On Mon, Oct 27, 2008 at 1:35 AM, Oliver Joa <[EMAIL PROTECTED]> wrote:
>>> Would this approach allow easier implementation of a real client-server
>>> solution for VDR or would VDR still need severe changes in order to
>>> allow this?
>> Has not much to do with this. The limitation for a client-server
>> solution is that VDR has exact ONE display front end, ONE open menu at a
>> time, ONE recording playback, ONE user that edits a timer, ONE display
>> size, ONE number of lines that fits on the screen, and so on.
>> Its just a lot easier to do it with multiple VDR instances that share
>> the few unique resources like DVB hardware, timers and recordings. And
>> all that is already possible with a streamdev like setup.
> I wonder how? I try to do this now for some years, but I can not find a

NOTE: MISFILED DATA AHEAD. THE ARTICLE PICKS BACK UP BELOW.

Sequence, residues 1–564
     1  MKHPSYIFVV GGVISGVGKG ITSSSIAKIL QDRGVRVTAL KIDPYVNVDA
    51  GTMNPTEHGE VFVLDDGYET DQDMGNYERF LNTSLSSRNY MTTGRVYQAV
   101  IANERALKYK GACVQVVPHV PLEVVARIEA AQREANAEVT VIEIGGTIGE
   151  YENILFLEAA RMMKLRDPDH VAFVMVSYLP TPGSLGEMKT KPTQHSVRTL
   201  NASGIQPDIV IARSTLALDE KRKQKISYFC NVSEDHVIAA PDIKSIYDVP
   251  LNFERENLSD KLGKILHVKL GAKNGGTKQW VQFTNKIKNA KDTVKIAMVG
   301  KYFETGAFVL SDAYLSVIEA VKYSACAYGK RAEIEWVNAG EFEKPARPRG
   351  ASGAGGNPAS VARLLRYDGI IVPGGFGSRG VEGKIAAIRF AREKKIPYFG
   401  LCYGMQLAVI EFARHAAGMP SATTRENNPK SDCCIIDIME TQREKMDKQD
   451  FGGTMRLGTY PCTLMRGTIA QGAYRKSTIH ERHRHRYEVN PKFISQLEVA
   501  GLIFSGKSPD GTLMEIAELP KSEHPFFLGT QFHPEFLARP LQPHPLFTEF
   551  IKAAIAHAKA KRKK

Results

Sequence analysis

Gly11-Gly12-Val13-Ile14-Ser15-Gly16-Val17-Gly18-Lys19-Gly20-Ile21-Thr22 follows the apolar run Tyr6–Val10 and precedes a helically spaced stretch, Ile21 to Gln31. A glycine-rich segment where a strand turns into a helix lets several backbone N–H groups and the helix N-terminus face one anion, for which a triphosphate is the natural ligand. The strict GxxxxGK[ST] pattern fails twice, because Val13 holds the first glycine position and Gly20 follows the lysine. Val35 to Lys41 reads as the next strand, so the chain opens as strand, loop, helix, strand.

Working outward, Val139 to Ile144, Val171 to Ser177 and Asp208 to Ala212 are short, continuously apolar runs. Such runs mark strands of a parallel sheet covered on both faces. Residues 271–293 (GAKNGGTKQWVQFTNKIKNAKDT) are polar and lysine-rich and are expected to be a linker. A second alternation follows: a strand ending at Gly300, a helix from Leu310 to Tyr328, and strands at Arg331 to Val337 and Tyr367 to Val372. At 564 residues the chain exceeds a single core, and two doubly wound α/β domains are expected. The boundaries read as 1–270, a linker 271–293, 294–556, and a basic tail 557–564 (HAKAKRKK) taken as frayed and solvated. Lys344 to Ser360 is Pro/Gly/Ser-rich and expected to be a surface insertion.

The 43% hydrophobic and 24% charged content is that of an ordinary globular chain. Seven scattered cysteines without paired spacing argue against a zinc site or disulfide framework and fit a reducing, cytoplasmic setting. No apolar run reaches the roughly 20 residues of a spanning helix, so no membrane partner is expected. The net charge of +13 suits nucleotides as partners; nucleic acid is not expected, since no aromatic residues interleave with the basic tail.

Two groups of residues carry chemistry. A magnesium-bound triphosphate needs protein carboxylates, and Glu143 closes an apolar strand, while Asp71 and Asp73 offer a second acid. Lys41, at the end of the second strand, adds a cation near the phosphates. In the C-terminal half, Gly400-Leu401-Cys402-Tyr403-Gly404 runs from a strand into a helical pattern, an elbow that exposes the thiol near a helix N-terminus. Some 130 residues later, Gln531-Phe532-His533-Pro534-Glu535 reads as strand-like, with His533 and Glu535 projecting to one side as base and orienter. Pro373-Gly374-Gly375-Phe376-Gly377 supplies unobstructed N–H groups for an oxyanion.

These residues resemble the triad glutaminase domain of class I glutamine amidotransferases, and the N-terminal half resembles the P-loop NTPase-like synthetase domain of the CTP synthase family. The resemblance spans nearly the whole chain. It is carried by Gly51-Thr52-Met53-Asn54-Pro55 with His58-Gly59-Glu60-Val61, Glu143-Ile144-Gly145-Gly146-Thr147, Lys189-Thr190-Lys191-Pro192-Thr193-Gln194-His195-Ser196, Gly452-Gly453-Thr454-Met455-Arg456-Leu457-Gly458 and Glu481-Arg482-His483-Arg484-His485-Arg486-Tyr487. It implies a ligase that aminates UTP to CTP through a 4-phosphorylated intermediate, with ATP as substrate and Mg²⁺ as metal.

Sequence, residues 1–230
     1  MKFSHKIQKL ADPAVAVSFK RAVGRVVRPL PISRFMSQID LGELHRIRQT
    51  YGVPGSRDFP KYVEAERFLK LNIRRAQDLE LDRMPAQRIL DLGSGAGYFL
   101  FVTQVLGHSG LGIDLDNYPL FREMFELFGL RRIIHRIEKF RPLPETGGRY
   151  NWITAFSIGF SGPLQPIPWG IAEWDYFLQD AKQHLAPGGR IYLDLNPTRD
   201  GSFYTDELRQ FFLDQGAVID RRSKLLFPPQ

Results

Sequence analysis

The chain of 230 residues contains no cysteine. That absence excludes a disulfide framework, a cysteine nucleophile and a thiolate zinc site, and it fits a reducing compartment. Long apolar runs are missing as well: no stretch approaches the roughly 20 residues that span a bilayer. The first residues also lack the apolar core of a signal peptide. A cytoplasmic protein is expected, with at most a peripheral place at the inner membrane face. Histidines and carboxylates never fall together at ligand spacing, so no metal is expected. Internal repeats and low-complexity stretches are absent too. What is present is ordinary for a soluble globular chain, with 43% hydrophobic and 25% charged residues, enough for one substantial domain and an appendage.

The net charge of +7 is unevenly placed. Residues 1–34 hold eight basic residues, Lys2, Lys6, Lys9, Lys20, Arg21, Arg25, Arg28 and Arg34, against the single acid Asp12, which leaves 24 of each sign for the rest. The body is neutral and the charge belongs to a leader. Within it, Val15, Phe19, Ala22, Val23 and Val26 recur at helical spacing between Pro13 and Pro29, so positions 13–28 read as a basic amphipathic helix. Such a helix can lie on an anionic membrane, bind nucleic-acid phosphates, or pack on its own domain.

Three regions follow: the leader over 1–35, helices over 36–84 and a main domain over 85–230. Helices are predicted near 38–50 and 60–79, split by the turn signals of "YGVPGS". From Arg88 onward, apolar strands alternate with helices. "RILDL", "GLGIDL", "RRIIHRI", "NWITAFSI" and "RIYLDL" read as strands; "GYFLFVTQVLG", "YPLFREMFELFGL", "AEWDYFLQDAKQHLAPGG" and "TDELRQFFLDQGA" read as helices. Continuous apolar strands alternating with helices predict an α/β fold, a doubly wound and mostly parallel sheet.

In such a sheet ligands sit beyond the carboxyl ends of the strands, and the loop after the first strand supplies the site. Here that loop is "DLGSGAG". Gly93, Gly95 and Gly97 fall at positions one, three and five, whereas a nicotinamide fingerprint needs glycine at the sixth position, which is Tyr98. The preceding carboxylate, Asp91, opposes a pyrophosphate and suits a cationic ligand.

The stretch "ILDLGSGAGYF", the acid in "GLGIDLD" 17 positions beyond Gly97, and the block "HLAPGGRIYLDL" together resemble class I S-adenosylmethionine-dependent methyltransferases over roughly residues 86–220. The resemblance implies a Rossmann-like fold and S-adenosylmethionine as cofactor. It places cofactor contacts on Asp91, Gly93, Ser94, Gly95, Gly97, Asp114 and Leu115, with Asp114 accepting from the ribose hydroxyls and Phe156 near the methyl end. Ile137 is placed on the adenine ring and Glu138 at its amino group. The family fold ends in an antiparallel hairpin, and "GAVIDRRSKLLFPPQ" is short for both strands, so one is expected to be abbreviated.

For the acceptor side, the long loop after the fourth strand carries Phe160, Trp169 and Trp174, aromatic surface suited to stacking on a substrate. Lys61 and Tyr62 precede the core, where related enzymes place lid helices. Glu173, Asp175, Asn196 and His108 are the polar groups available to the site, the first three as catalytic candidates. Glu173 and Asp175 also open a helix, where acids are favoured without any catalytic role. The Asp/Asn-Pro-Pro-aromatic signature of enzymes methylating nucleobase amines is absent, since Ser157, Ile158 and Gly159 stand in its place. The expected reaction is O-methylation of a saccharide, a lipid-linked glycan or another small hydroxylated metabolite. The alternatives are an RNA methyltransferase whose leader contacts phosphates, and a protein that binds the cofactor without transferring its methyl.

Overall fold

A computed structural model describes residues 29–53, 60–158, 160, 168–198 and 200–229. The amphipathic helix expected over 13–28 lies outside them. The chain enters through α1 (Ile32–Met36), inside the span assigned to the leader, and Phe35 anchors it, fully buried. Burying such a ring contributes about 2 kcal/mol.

> really good solution. Can you tell me some details?
I tried streamdev a couple years ago just to see how it worked because
if it was good, I was interested in setting up a couple clients. BUT
it didn't work good at the time. Not even close. I'd hope it's made
some improvements since then but that still doesn't change the fact
that VDR was designed to be stb-like. A single box with usage
primarily revolving around FF dvb cards. Unfortunately that seems to
be one of it's biggest weaknesses these days, where people are more
interested in HTPC's and the server-client setup MythTV offers.
There's still a place for VDR but unless some good solutions for
problems like this start showing up, it will continue to become more
outdated over time. It would've been great if VDR's design took these
things into consideration (if not at the time, at least looking ahead
at future needs) but hey, I'm just happy MPEG-TS is -finally- being
TV serving is another topic however and should be discussed in it's
own dedicated thread.
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